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Recycling is easily the most recognizable of all environmental programs and they most adopted.  In 2007, a Harris Interactive poll reported that 77% of Americans recycle at home (that still leaves a large 23% to convert to recycling).   Recycling takes materials that otherwise would have been discarded and creates new products out of them. For example, plastic drinking bottles are turned into benches and reusable shopping bags.

The familiar “chasing arrow” symbol is used to represent the recycling process.

recycle_arrow.gif

•    Top Arrow - represents consumers placing recyclables in recycling containers for collection
•    Second Arrow - stands for the reprocessing of collected recyclables into new products
•    Third Arrow - represents consumers “closing the loop” by buying recycled content products.

 

 


E-Waste: The Next (Recycling) Frontier

While many Americans are attuned to recycling their plastics, paper, and glass, they have yet to make the jump to recycling their electronics.  When an electronic item is discarded, it is termed e-waste.  E-waste is a serious concern to our environment and our health.  It is critical that we start to see electronics as recyclable.

Electronic equipment contains some pretty nasty stuff in it.  When we send e-waste off to a landfill, that nastiness creeps into our soil and water supply.  Contaminants such as lead, cadmium, beryllium and chemical flame retardants are all found in electronics.

In the United States, while electronic waste represents only 2% of trash in landfills, an estimated 70% of heavy metals in landfills come from discarded electronics. 1

Electronic items are very prone to both “perceived obsolescence” and “planned obsolescence”. In fact, the Consumer Electronics Association has estimated that U.S. households spend an average of $1,400 annually on an average of 24 electronic items. Computers built two years ago are obsolete today. Instead of replacing the one small part that makes the difference, we toss the entire computer. The cell phone you got six months ago has been eclipsed by your new girlfriend’s phone.  Your girlfriend can’t have a better phone than you, so you upgrade.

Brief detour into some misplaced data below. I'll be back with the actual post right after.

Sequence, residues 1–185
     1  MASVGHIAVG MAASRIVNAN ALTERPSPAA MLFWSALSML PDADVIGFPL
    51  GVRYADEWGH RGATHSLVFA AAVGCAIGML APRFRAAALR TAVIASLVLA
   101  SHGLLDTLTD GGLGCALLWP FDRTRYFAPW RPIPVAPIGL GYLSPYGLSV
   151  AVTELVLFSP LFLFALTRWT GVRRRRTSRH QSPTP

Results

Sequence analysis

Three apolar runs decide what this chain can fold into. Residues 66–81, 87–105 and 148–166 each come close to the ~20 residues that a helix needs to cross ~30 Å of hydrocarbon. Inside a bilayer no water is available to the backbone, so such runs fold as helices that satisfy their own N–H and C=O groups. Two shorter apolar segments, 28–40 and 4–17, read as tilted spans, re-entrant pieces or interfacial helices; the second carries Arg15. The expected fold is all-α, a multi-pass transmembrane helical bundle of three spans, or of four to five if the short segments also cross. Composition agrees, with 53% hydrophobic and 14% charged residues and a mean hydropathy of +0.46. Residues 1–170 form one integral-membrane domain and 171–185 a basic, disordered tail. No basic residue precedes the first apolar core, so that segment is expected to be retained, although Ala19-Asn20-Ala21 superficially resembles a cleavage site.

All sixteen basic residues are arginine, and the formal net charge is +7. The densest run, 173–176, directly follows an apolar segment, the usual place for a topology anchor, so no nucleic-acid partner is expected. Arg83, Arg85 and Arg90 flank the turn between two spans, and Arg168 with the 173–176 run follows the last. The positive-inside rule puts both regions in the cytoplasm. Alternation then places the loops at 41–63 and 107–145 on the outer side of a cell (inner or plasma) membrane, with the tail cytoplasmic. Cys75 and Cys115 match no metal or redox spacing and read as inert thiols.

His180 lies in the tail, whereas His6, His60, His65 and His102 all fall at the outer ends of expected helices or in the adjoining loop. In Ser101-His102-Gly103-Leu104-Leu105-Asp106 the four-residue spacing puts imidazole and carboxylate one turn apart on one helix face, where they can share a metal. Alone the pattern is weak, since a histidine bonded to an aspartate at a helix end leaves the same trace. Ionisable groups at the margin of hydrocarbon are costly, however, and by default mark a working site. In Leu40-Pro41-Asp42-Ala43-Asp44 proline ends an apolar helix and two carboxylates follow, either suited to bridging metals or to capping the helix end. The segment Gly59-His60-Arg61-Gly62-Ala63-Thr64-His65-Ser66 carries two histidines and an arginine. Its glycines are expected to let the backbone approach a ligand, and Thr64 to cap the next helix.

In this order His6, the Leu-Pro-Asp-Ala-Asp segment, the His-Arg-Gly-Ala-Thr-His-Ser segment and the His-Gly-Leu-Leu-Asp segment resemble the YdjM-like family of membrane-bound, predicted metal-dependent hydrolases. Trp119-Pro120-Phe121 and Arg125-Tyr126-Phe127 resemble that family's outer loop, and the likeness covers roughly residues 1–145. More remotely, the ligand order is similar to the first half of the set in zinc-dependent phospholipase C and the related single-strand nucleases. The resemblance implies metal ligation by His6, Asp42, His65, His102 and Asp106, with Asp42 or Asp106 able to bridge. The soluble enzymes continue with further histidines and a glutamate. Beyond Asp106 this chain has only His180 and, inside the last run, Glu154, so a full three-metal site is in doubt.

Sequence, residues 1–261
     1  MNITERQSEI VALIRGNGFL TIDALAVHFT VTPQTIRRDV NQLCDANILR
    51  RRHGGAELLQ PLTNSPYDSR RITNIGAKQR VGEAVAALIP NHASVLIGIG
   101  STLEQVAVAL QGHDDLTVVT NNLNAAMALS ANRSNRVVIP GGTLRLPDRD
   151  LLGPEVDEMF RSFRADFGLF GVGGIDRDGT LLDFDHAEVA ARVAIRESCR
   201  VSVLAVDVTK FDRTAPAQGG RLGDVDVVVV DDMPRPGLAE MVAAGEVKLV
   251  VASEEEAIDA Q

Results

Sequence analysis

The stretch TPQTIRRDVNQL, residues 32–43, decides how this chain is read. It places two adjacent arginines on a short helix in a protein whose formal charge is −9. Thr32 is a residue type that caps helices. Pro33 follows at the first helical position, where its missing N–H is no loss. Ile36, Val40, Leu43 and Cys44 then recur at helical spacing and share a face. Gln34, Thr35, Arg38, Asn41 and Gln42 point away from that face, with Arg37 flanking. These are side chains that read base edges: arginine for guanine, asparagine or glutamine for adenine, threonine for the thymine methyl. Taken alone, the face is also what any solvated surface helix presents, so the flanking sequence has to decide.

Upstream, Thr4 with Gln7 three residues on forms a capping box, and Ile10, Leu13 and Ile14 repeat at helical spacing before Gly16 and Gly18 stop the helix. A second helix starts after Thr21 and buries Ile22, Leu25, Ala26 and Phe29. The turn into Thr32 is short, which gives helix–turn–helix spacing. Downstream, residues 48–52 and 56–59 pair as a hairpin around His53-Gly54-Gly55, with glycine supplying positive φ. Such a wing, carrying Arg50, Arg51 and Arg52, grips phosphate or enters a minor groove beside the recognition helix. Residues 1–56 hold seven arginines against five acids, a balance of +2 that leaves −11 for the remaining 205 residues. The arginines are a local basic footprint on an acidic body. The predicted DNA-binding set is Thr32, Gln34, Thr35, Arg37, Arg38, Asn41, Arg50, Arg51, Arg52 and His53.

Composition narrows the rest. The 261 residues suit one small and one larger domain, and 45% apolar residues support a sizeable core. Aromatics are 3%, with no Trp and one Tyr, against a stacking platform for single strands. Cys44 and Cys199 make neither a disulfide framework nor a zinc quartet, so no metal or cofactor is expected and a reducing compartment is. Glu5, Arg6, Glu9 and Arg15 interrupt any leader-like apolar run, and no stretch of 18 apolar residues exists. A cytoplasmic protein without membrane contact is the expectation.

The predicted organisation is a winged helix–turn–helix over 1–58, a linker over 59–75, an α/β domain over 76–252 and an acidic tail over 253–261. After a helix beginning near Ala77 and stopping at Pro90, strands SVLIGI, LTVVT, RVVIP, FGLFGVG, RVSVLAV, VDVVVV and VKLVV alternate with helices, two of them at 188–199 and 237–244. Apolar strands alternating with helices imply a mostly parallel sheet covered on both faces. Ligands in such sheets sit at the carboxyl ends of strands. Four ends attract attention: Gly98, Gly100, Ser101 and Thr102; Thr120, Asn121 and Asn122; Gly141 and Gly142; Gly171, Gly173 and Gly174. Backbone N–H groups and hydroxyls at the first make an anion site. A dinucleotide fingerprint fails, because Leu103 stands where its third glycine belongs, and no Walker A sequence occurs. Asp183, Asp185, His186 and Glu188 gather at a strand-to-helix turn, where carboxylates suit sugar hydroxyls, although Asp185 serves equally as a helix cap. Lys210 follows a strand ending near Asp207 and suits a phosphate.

There are ways to combat e-waste in our landfills including:
•    Purchase your electronics with the mindset of using them until their end of life
•    Don’t care so much about the Joneses
•    If you really must upgrade – consider selling your item to someone who can reuse it – UsedPrice.com can help you value that item by clicking here ______________
•    Take advantage of “Take Back” programs offered by electronics manufacturers and retailers such as Gateway and Staples
•    Donate your cell phone to be refurbished or given to shelters for battered women
•    Lobby your local, state, and national government to enforce electronic recycling
•    Let manufacturers know that “planned obsolescence” is not going to be tolerated anymore
•    Find an exchange program for electronics you no longer want
•    Recycle your electronics using a legitimate recycling company (one that isn’t just moving e-waste from the U.S. to a third world country)
•    Share your knowledge with your friends, family, and neighbors.  They may not know tossing out their old stereo system is harmful

E-waste recycling can make a huge difference to our environment and our health.  Start you’re your own attitude about electronics … then spread the word.

If you really must upgrade - consider selling your item to someone who can reuse it - UsedPrice.com can help you value that item by clicking here.

Sources: 1 Silicon Valley Toxic Corporation. "Poison PCs/Toxic TVs Executive Summary; Slade, Giles (2007-04-01). "iWaste". Mother Jones. http://www.motherjones.com/commentary/columns/2007/03/iwaste.html.

 



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